I’ve been seeing it everywhere — all the ways we make ourselves wrong: second-guessing, doubting, wondering if what I’m experiencing is the right thing to be experiencing. Here’s what I’ve come to see. Over the last couple of weeks, I’ve become increasingly aware of all the ways we imagine we’re wrong, or getting it wrong.
I’ve noticed how much we dismiss or doubt our very own experience.
How much we assume it should be different than it is.
How we are so afraid that we are getting it wrong. That I am wrong.
And I’ve increasingly seen the untruth and un-loving-ness of this.
It Struck Me When… a client said ‘I’m feeling anxious. But then, that’s just a thought, right?’
My heart broke slightly. Because this lady was dismissing her own experience — dismissing herself — in favour of something she’d heard, which had once had a beautiful and big impact on how she felt, but which was now just being reeled off like a trite line because it was the right thing to say, think or believe in order to feel better.
This is what can happen, in an exploration of who we really are, and how our human experience is created: the mind can so quickly come in and commandeer what had once been heard deeply, and beautifully. Taking all the love and shine out of it as it begins to wield the phrase at every opportunity, as though it were the words that had the power.
The words never had the power. It was you who had the power. Who is the power?
It is the light that you are which heard and saw that light in the face and words of another. The words were secondary to that. You saw yourself with clarity — that’s what felt good when you first heard those words and they impacted you. It wasn’t the words.
But because this isn’t clear… and because we’ve been conditioned away from ourselves for so many years, we soon forget what that light and good feeling really were. And we soon fall back into old habits of thought. And old habits of using words as though it were the words themselves that held the magic.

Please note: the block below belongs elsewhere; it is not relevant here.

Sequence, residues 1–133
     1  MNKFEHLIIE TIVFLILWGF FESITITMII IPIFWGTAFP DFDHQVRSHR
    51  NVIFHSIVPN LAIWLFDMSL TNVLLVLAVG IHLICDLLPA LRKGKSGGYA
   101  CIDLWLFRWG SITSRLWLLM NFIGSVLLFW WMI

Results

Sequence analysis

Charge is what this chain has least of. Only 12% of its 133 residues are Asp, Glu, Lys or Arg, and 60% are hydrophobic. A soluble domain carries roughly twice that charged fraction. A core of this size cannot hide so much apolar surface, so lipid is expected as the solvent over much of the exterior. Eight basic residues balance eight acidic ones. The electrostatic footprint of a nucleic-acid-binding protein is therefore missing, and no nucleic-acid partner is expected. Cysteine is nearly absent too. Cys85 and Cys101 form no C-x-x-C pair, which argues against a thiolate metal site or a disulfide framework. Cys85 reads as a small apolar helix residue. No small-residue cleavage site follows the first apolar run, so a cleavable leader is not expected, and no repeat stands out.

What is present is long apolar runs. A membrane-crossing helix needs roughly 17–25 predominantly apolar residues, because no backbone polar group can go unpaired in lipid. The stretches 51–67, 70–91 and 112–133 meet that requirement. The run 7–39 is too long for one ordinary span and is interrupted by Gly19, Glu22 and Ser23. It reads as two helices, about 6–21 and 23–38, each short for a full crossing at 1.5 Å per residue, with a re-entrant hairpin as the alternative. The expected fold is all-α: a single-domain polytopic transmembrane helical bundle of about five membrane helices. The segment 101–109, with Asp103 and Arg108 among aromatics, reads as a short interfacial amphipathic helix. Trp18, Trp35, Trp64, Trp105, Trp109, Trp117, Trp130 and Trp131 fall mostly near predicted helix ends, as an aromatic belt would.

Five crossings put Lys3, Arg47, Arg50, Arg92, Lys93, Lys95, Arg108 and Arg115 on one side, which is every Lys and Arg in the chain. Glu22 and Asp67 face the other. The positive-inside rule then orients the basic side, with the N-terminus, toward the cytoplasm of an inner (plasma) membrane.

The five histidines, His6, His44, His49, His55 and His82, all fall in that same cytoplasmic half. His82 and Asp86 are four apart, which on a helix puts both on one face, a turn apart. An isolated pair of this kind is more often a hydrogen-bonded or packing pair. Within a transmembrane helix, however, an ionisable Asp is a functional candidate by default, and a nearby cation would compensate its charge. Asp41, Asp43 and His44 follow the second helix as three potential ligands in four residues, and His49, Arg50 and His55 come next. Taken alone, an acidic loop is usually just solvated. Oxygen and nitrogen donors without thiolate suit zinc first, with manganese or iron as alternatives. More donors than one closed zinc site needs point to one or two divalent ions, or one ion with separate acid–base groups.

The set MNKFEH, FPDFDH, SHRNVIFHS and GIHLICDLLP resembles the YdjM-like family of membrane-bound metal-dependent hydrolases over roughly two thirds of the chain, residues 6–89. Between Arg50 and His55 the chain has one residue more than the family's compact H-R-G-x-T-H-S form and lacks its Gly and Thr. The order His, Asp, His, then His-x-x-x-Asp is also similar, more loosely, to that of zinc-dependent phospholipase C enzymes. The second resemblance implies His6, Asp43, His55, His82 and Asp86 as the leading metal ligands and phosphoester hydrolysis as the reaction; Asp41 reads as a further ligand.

The next thing we know… we’re dismissing our very own experience as ‘just thought’ — subtly making ourselves wrong for feeling like this. Believing I should know better than to still be having this kind of experience.
In this we subtly resist the anxiety (or stress, or worry, or frustration, or feelings of failure, or…) by saying ‘I don’t like this…this shouldn’t be here…how do I get rid of this… oh, I know!…tell myself ‘it’s just a thought’.
Doing what we’ve done for so long—
- feel a ‘bad’ feeling
- get fearful of that experience
- make ourselves wrong for having it
- try to find a way to make it change so I can feel better again (and not be wrong anymore).
When what we really want is… love and unconditional understanding.
What the anxiety (or other ‘yukky’ experience) really wants is love and unconditional understanding.
What you wanted as a child when you began to become fearful of your experience, and you began to be taught that you were wrong for feeling the way you did, was love and unconditional understanding.
What you really want now, is love and unconditional understanding.
What you really want is yourself.
To know — deeply know — the good feelings of yourself as who you really are.
To know — deeply know — that who you really are is all you’ve ever been looking for.
To know — deeply know — that all you’ve ever been looking for is the unconditional love of yourself that says ‘You are not wrong. You are perfect just as you are. Including all the ‘yukky’ feelings.’
How does this feel to you?
Maybe if I share what I wrote in reply to a community member on a similar theme recently…feel it as you read…
The child forgets their essential nature. And they live a life trying to maintain the experience they’ve been taught is good and acceptable, because they’ve been told they have to — in order to be included, loved, accepted, to stay alive. In order to not be wrong. And then, one day, their heart hears a message that reminds them of what they knew as a kid and they begin to remember that they are the very source of all choices, the source of all change, and the source of all the love, inclusion and accepted-ness they could ever wish for.
Remember there is nothing wrong with you.
With love, Helen